Nathaniel Hawthorne wrote a short fictional story in the 1800’s about a mythical figure called the gray champion. The basic gist of the story is that a town of settlers is about to be overrun, and right when they need him, an old man (the gray champion) appears and inspires the people with courage. I think Joe Biden is America’s gray champion in 2020.
Setting the Stage
The gray champion only comes along when his people need him the most. He seems to show up at the last minute, to inspire and uplift the people. He (or she) himself doesn’t need to fight the battle, he just needs to inspire. The gray champion joins people together to fight a common enemy.
Joe Biden has stated numerous times that we are in a battle for “the soul of the nation”. His rallying cry is for us to unite to face the crises of a fragile democracy, the coronavirus pandemic, rising income and wealth inequality, and climate change. He says again and again that he is a “bridge”. This means that he himself will fight the battle only as much as he can rally and spur on the right people.
At a time of maximum threat and danger, the gray champion appears “out of nowhere” to bring people together and inspire them. Joe Biden has been a consistent, but not necessarily influential political figure for decades. What he sees is his chance to remind America of what we could be if we rise to and overcome our current challenges. In contrast, Donald Trump represents “business as usual”, even when it is clear it isn’t working for the majority of people anymore.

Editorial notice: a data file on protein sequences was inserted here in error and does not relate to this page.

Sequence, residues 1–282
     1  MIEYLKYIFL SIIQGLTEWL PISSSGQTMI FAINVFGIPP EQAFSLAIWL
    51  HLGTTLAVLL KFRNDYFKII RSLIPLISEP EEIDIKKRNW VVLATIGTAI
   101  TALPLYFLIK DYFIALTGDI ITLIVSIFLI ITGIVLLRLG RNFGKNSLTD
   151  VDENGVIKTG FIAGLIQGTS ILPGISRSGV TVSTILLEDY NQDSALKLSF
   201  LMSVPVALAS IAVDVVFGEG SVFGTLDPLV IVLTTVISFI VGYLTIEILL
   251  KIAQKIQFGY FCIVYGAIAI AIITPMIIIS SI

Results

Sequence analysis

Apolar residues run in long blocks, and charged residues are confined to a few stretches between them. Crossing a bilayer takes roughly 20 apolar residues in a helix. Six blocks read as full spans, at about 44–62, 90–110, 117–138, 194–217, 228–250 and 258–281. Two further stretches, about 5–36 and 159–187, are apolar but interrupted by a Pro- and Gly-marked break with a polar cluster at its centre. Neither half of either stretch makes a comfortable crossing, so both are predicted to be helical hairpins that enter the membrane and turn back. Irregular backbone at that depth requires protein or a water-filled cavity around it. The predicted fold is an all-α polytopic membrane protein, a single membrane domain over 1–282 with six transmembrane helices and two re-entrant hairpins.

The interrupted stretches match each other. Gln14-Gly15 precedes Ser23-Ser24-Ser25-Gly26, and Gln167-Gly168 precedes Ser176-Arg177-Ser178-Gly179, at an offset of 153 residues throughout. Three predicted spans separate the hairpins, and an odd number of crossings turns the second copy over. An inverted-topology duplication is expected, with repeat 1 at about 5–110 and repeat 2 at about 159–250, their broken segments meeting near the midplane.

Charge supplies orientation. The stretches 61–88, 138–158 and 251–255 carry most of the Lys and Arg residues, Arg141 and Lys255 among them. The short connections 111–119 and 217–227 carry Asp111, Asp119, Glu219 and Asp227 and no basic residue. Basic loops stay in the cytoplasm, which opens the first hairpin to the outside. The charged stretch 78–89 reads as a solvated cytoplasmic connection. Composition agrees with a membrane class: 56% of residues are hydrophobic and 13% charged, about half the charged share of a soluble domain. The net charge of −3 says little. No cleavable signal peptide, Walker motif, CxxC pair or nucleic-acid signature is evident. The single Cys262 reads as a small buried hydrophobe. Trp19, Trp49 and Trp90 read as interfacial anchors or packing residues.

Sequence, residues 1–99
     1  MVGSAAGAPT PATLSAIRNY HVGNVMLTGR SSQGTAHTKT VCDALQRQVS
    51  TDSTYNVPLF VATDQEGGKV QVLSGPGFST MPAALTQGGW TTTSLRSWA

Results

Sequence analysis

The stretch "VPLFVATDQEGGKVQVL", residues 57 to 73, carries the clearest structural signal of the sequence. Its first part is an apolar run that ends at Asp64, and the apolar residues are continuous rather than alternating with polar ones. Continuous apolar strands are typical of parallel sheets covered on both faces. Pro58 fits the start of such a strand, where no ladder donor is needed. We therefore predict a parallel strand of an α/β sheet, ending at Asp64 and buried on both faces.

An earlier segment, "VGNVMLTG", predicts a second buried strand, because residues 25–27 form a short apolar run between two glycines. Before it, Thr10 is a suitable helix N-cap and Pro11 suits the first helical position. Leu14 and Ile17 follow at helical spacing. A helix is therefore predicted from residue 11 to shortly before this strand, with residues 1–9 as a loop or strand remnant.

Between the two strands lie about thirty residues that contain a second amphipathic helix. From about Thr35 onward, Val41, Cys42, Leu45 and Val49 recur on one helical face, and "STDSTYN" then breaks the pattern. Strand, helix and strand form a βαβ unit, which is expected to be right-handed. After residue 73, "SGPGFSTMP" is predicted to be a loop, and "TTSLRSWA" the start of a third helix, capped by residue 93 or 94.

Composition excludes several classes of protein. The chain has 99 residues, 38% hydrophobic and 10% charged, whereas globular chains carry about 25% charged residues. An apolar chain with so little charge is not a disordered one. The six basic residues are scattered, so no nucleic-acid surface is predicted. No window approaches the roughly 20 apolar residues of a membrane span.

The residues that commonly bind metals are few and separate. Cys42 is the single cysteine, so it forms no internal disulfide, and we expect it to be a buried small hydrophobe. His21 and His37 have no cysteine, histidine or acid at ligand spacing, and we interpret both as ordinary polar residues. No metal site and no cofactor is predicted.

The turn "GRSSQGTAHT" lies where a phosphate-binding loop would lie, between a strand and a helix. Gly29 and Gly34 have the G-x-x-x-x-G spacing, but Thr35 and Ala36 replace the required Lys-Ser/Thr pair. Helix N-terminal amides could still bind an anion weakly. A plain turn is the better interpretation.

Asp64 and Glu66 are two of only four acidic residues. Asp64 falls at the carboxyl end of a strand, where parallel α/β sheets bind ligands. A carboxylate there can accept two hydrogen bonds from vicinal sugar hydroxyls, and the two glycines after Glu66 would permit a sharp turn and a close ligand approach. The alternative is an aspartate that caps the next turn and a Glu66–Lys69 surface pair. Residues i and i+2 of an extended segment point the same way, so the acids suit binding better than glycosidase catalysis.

From, and Back to Nowhere
One of the main criticisms of Joe Biden’s campaign is that it lacks the fiery, cult-like nature of Donald Trump’s campaign. But therein lies the appeal. Joe Biden is not saying he will fix our problems, but rather we will do it together. One of the most encouraging things I heard Joe Biden say was in an interview with Andrew Yang. Joe praised Andrew Yang, and in turn, Yang said he was excited for Joe Biden to lead America. In that moment, Joe Biden interrupted Yang and said “we will lead together”.
The gray champion appears out of nowhere and returns back when his job is complete. America’s most recent gray champion, Franklin Delano Roosevelt, appeared on the political scene to a nation in crisis. FDR mostly fulfilled his purpose, passing not long before the end of World War 2. Similarly, Joe Biden is advanced in age, but he is coming to a deeply divided America with a vision for a better future. He isn’t coming with an oversized ego, but rather to lift up our best and brightest to tackle the challenges of our time.
Although it is a fictional story, the gray champion provides us with a narrative that every organization (family, country, business, civic, etc.) in a crisis needs a leader to come and bring people together and inspire them to search for higher ground. No one can tell the future, but a Biden presidency has the unique opportunity to revive that cooperative spirit we have long lost as a nation.